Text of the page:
there that he died. During the period that Fr.
Kieruj was away, Fr. Baweja had administered to
the needs of the parish.
The body of Fr. Kieruj was brought back to
Detroit and lay in state in St. Francis Church.
Three days later the Right Rev. Michael J.
Gallagher, Bishop of the Diocese of Detroit with
the Rev. Fr. F. Gzella as honorary deacon, and
the Rev. Fr. A. Grudzinski as the honorary
subdeacon, sang the requiem Mass.
After the Mass the body of Fr. Kieruj was
escorted by the people of St. Francis Parish,
who walked in a solemn procession, along with
the church societies and a police escort to the
Michigan Central Railroad Station, where it was
shipped to La Salle, Illinois, for burial.
May 24, 1919, Fr. Alexander Grudzinski became
the pastor of St. Francis and a change was to
transpire. The church was $160,000 in debt. The
hall would no longer be the center of parish
activities. The people were expected to conduct
themselves with dignity and piety. He begged and
ordered the people to give generously to the
collection basket. His plan worked. With a great
deal of determination, Fr. Grudzinski paid off
the debt in nine years. Many considered it a
miracle because he did not hold any bazaars,
festivals or any other fund raising activities
for this purpose.
On June 3, 1928, in preparation for the
consecration of the church, a preparatory
service was held. The Rt. Rev. Gallagher, Bishop
of the Diocese, placed in a reliquary the relics
of St. Timothy and St. Teophilus, three grains
of incense and an attestation written on
parchment. The reliquary then was placed in an
um and a number of candles were lit to burn
through the night while Matins and Lauds would
June 4, 1928 at 7 a.m. began the long and solemn
ceremony of the consecration of St. Francis of
Assisi Church. About 2,000 Catholics of the
Diocese of Detroit, clergy and laity
participated in a ceremony which had been
performed here only about a half dozen times in
the century the diocese had been in existence -
the consecration of a church building.
This ceremony took place exactly twenty-three
years after the present church was dedicated.
St. Francis D’Assisi Church is only one of three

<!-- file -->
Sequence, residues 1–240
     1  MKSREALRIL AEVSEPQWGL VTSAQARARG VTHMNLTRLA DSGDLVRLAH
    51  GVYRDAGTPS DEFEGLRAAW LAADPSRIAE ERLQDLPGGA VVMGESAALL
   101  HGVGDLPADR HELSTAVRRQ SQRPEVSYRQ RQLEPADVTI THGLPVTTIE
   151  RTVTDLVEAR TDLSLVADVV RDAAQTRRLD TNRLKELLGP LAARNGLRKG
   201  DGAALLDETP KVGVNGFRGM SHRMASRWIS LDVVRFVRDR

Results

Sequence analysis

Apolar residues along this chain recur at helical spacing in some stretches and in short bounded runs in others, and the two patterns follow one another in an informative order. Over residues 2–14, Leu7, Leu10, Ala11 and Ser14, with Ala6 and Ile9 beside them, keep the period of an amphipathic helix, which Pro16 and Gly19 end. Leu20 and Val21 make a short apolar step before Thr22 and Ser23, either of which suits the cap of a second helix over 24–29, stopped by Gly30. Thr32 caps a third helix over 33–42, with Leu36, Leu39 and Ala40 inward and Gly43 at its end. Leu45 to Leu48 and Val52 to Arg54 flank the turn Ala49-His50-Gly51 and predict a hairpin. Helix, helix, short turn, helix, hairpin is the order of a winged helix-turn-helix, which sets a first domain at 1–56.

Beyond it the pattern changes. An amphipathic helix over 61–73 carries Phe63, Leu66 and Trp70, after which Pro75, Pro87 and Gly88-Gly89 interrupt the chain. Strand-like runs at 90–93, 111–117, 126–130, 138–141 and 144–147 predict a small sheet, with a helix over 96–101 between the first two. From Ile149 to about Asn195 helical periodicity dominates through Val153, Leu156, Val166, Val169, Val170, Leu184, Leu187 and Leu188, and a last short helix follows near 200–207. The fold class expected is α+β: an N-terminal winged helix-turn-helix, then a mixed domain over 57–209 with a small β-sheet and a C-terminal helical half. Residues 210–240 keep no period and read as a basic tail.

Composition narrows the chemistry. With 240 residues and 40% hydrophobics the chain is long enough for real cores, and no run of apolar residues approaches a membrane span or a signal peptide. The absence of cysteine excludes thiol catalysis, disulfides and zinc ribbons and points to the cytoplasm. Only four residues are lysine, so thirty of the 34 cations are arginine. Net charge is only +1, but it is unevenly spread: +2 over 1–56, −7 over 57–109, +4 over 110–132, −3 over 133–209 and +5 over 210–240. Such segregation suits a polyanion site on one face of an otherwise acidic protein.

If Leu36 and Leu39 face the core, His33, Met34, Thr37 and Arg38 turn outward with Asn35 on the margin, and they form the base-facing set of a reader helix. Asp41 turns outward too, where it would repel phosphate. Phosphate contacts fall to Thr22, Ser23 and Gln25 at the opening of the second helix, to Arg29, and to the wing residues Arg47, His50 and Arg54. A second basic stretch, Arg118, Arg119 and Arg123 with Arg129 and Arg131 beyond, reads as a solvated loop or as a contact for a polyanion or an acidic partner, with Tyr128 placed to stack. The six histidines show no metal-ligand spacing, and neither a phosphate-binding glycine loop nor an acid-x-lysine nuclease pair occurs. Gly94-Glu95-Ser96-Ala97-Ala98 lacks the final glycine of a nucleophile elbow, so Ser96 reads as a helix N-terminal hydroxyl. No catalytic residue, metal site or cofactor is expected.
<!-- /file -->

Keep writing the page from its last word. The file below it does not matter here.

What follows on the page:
churches consecrated in the Archdiocese of
Detroit, and at the time was only the fifth
church in the nation to be consecrated.
July 3, 1939, Fr. Maximillian Gannas took over
the duties of pastor of St. Francis. There were
no debts on the church but there were many
necessary repairs needed to the church
buildings. The church was painted inside. The
lower part of the hall was rebuilt and renovated
and the upper portion was redecorated. Fr.
Gannas renovated the three altars in the church
and the communion rail. He wanted everything
looking its best for the Golden jubilee that was
October 13, 1940, the Golden jubilee of St
Francis was celebrated. The most Rev. Edward
Mooney, Archbishop of Detroit, presided at the
Mass, sung by the Pastor, Rev. Fr. Gannas. More
than 1,000 parishioners and clergymen
participated. In 1941 there was expectation and
celebration. In October of that year the Rosary
Society of St. Francis celebrated its Golden
The United States was at war and many of the
young men of the parish were enlisting in the
service. As the men enlisted, those left behind
began to do their part to help. For Valentine’s
Day the school children sent 500 greeting cards
and 200 games and puzzles to soldiers in army
camps throughout the country. For Easter they
prepared 2,200 presents for the soldiers of St.
They also purchased $1,045 in defense stamps,
contributed $31 for Masses, for the soldiers,
and gave $78.50 to the missions. The latter
project was done in a five-week period. There
were many other projects to follow.
Rallies were being held to get parishioners
involved in the war effort. On the hall, movies
were shown of the fighting and bombing to
encourage people to sign up as Air Wardens.
It was also during this time that Fr. Gannas
encouraged the men that were left behind to
become ushers and to form an Ushers Club.
The Polish Roman Catholic Union marked its 70th
Anniversary in St. Francis Hall in October 1942.
Boy Scouts and Girl Scouts from St. Francis and
St. Andrew performed for the group. Among the
guest speakers were Fr. Gannas, Gov. Murray D.